Trail Of Cookie Crumbs

A recent paper titled “The Volume Clock: Insights Into The High Frequency Paradigm”  takes a very different approach to analyzing the effects of HFT.  The authors (Easley, Lopez de Prado and O’Hara) concede that even without their speed advantage, HFT would still be able to exploit institutional and retail orders.  They note that HFT takes advantage of market microstructure factors that have been created due to regulations like Reg NMS and MiFID.  They claim that the Efficient Market Hypothesis is no longer valid in an HFT world and that over short intervals, “prices are predictable artifacts of the market microstructure“.  The authors state that “HFT reacts to information leaked by LFT (low frequency traders) in order to anticipate their actions“.   In other words, institutional and retail orders are leaving a trail of cookie crumbs that HFT’s are easily sniffing out and using to their advantage.

Indeed, not only does this paper point out that HFT’s take advantage of the predictable actions of institutions and retail, but they claim that predatory HFT can actually cause these events to occur:

“Rather than possessing exogenous information yet to be incorporated in the market price, they know that their endogenous actions are likely to trigger a microstructure mechanism, with foreseeable outcome. Their advent has transformed liquidity provision into a tactical game.

Examples of this behavior are quote stuffing, quote danglers, liquidity squeezers and pack hunters.

While highlighting these dangerous predatory HFT behaviors, the authors do seem to give a pass to the HFT automated market makers.  They claim that these predatory activities even harm HFT market makers and that HFT market makers “sometimes may suddenly pull all orders, liquidate their positions and stop providing liquidity altogether.”  We think this is a major problem.  Our market has replaced traditional market makers that had quoting and trading obligations with HFT market makers that can now suddenly pull their quote at the sign of trouble.  This is the real problem with our markets but let’s get back to the paper for now.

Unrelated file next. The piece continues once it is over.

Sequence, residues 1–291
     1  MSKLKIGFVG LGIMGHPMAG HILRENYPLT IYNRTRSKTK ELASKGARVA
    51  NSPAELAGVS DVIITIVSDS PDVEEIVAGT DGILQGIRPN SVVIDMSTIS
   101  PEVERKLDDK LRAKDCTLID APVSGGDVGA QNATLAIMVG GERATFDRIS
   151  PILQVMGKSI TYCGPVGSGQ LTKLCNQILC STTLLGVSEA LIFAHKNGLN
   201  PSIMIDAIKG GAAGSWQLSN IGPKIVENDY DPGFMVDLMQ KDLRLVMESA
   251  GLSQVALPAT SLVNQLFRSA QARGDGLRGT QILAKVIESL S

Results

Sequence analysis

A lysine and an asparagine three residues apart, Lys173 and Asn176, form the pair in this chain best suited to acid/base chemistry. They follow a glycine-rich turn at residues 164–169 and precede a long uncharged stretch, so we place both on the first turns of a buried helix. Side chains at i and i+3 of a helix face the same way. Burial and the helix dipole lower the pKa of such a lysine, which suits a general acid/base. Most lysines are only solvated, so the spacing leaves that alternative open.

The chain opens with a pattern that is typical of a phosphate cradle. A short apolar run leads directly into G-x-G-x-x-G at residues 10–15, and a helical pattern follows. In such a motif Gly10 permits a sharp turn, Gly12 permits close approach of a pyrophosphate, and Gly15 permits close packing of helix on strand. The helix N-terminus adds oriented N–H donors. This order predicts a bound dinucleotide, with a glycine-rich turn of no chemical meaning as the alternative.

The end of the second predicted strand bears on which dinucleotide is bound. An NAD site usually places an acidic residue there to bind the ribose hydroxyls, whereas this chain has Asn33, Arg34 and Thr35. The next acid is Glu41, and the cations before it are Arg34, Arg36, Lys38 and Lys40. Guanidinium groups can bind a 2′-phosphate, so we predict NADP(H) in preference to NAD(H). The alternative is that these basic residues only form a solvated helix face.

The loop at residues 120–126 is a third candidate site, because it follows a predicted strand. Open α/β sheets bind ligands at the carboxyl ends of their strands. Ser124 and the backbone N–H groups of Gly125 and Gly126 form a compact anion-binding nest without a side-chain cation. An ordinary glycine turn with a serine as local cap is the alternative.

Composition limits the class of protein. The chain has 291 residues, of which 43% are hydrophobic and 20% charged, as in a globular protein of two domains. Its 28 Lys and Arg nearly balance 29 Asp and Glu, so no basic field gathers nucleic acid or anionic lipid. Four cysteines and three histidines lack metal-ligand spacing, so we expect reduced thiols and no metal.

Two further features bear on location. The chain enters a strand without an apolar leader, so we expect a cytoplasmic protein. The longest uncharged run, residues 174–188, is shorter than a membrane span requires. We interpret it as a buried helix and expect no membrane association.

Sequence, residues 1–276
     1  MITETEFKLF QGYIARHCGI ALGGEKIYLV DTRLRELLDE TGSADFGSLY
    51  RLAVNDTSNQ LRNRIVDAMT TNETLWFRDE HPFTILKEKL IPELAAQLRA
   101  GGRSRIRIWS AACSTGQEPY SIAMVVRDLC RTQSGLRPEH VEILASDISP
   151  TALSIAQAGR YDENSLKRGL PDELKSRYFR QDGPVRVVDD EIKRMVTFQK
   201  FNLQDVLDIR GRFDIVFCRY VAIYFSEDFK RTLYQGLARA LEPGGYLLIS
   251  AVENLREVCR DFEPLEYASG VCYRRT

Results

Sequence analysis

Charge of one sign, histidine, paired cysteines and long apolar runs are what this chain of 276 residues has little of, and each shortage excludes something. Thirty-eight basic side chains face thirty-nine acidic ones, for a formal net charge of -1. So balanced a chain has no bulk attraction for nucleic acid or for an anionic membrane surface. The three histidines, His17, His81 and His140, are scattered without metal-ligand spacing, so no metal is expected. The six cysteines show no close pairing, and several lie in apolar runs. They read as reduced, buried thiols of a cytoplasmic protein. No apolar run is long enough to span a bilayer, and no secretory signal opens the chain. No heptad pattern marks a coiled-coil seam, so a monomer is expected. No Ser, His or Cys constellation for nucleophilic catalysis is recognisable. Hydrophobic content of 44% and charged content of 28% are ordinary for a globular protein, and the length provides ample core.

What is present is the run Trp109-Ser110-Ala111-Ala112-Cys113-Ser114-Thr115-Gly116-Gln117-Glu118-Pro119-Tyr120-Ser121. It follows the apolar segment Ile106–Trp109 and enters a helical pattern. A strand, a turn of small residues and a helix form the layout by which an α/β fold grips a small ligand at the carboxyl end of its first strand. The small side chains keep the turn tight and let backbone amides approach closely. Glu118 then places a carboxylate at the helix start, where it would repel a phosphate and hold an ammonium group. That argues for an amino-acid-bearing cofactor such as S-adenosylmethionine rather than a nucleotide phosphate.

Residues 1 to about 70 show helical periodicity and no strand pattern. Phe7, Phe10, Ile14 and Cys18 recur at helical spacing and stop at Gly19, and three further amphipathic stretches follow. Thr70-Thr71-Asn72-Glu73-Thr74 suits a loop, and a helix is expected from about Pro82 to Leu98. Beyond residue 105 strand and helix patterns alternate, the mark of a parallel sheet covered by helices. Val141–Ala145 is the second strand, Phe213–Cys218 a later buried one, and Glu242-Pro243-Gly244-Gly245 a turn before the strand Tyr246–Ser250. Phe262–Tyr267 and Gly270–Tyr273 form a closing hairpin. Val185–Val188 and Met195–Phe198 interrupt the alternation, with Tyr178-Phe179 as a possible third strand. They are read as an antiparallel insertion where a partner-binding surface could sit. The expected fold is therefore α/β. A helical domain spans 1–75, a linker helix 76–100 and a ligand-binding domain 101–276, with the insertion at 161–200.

The authors also highlight an example of predictable behavior that HFT’s take advantage of:

There is no question that the goal of many HFT strategies is to profit from LFTs mistakes.  We have taken a sample of E-mini S&P500 futures trades between 11/07/2010 and 11/07/2011. We have divided the day in 24 hours (y-axis), and for every hour, added the volume traded at each second (x-axis), irrespective of the minute. For example, E-mini S&P500 futures trades that occur at 20:20:01 GMT and 20:23:01 GMT are added together.10 This analysis allows us to see the distribution of volume within each minute as the day passes, and search for LFTs executing their massive trades on a chronological time- space. The largest concentrations of volume within a minute tend to occur during the first few seconds, for almost every hour of the day. This is particularly true at 02:00-03:00 GMT (around the open of European equities), 13:00-14:00 GMT (around the open of U.S. equities) and 20:00- 21:00 GMT (around the close of U.S. equities). This is the result of TWAP algorithms and VWAP algorithms that trade on 1 minute slots. A mildly sophisticated HFT algorithm will evaluate the order imbalance at the beginning of every minute, and realize that this is a persistent component, thus front-running VWAPs and TWAPs while they still have to execute the largest part of the trade.”

Pretty simple stuff that even a “mildly” sophisticated HFT algo can detect.  Good luck human!